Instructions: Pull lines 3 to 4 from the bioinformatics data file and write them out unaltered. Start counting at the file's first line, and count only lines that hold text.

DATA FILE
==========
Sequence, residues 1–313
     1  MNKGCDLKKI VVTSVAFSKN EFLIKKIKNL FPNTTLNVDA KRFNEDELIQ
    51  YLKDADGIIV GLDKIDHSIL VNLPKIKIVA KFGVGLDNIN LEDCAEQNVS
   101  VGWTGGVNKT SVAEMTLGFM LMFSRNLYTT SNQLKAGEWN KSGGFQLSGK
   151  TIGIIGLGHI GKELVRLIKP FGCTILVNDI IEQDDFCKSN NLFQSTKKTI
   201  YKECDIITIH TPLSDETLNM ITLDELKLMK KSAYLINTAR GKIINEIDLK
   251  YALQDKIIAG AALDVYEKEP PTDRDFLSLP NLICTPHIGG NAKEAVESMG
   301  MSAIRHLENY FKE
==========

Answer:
    51  YLKDADGIIV GLDKIDHSIL VNLPKIKIVA KFGVGLDNIN LEDCAEQNVS
   101  VGWTGGVNKT SVAEMTLGFM LMFSRNLYTT SNQLKAGEWN KSGGFQLSGK